Edee Norman Wiziecki is the director of the Educational Programs at the National Center for Supercomputing Applications. Wiziecki and her staff help bridge the gap between scientific research and education by bringing authentic and near-authentic computational science tools and high performance computing resources to education communities through a wide variety of activities and programs. Since 2007, Wiziecki has led the Institute for Chemistry Literacy through Computational Science (ICLCS), a Math Science Partnership project of the National Science Foundation. Her focus for the past ten years has been in creating virtual professional learning environments to help reduce educator isolation and increase collaboration, peer-to-peer mentoring, and access to advanced tools and vetted materials for the 21st Century. Wiziecki has organized three national workshops on behalf of the NSF to broaden participation in computing (2005, 2006, and 2011) and to support projects using Cyber-Infrastructure for Training, Education, Advancement and Mentoring for the 21st Century Workforce. As a former K-12 science teacher, and science coordinator for curriculum and instruction at a large unit district, Wiziecki has over twenty-five years of experience in providing professional development that infuses new and emerging technologies into existing science classrooms. She served as president of the Illinois Science Teachers Association in 2003-2005, was a member of the Governor’s Illinois Rural Affairs Council and director of the ICLCS Robert Noyce Master Teaching project. She was named Outstanding Science Teacher in Illinois by the National Science Foundation and Illinois State University from 1985-1987; recipient of the 2009 Award of Excellence: Outstanding Contribution on behalf of the NCSA Director’s Office; and one of two women who received the 2011 Dare to be Great Award given by the Illinois Women in Educational Leadership. She currently serves on the Next Generation Science Standards Illinois review team. Wiziecki has a BS in Life Science, an EdM in Curriculum and Instruction-Science Education, and an Advanced Certificate Degree in Educational Leadership and Organization from the University of Illinois at Urbana-Champaign.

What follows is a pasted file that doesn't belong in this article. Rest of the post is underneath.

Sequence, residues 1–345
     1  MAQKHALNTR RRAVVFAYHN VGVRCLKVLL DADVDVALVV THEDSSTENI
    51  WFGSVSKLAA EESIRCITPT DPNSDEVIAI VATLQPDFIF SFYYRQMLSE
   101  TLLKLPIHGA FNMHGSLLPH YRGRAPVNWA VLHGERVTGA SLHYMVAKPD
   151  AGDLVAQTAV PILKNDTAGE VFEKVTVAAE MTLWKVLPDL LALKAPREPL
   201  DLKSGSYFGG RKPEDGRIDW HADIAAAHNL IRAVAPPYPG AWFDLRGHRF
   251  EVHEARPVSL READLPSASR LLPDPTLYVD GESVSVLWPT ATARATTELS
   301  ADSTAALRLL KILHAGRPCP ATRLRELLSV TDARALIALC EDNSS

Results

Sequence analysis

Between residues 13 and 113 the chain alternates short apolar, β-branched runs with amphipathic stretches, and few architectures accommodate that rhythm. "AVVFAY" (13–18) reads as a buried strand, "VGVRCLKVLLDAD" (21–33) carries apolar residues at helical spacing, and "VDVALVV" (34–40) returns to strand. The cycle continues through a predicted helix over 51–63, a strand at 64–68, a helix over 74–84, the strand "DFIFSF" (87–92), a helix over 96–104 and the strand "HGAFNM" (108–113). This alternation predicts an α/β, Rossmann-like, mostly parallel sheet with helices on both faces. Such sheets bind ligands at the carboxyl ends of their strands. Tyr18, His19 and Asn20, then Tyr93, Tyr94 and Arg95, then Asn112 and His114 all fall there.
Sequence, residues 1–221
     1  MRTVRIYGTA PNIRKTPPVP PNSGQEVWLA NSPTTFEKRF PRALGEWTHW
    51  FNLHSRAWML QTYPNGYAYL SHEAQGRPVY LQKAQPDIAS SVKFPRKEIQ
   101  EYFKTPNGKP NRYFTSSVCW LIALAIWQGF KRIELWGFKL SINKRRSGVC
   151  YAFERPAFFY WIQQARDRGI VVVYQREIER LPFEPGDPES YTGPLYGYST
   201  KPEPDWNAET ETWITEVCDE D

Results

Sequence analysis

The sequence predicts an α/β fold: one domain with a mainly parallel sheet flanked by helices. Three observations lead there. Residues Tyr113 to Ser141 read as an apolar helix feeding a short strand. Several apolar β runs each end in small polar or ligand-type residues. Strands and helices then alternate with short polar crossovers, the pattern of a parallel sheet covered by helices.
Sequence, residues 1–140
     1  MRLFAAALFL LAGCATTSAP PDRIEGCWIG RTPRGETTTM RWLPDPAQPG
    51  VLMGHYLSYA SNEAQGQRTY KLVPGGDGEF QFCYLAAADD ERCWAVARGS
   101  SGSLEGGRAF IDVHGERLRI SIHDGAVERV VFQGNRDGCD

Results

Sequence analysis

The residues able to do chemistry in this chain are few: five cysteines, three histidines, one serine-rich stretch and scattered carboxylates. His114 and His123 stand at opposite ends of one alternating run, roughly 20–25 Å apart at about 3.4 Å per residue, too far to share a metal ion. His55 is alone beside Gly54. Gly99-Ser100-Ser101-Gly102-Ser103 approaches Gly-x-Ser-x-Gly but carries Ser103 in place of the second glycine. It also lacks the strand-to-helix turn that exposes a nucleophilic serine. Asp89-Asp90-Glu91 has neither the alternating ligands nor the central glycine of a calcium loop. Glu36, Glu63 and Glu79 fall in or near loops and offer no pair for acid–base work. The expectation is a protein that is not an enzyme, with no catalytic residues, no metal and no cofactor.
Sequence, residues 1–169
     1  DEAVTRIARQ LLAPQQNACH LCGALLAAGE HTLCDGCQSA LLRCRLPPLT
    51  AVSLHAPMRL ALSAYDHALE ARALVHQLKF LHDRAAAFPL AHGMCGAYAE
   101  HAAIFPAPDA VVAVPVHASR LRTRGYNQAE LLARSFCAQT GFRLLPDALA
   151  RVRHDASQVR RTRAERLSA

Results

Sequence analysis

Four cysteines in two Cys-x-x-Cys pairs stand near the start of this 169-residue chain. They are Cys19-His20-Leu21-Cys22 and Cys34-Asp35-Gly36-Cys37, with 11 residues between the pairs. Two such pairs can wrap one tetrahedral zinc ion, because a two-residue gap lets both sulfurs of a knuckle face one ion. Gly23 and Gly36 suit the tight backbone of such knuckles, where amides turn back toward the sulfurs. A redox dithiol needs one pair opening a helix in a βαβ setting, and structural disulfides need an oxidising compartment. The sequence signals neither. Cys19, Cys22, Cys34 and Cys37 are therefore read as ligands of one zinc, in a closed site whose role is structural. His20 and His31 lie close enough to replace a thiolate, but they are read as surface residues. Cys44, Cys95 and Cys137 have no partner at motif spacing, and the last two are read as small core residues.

Rebecca Canty, Superintendent, A-C Central CUSD #262, Ashland, IL
Rebecca Canty is currently superintendent of A-C Central CUSD #262 in Ashland, Ill., and the co-principal investigator and K–12 partnership lead of the Institute for Chemistry Literacy through Computational Science (ICLCS). She is vice president of the Illinois Women in Educational Leadership and received the prestigious Caterpillar Quality Award for one of her projects. Canty also taught in a school that received a U.S. Department of Education Secretary’s national award for outstanding vocational/technical education. She has published in the American Association of School Administrators and has been invited to serve on the National Association of Secondary Principal’s national committee. Canty has led her district to a One-to-One Computer Laptop Initiative and has seen significant growth, particularly in the high school, which was selected last year as one of the Top 100 High Schools in the state by the Chicago Sun Times. Canty holds a BS in English, Speech, and Theater from Bradley University and an MS from Illinois State University in educational administration.

Brett Block, Teacher, Paris High School, IL
Brett Block is a graduate of the Institute for Chemistry Literacy through Computational Science (ICLCS), is working on her National Board Certification in science, and currently teaches chemistry and advanced chemistry at Paris High School in Paris, IL. She has taught biology, physics, and chemistry at Casey-Westfield High School, teaching high school science for fifteen years. Brett strives to incorporate computational chemistry programs in her curricula to enhance student learning and visualization of chemistry and molecular modeling, and to help her students become champions of science. She graduated from the University of Illinois with a bachelor’s degree in biological science and received her teaching certificate and master’s degree in natural science from Eastern Illinois University.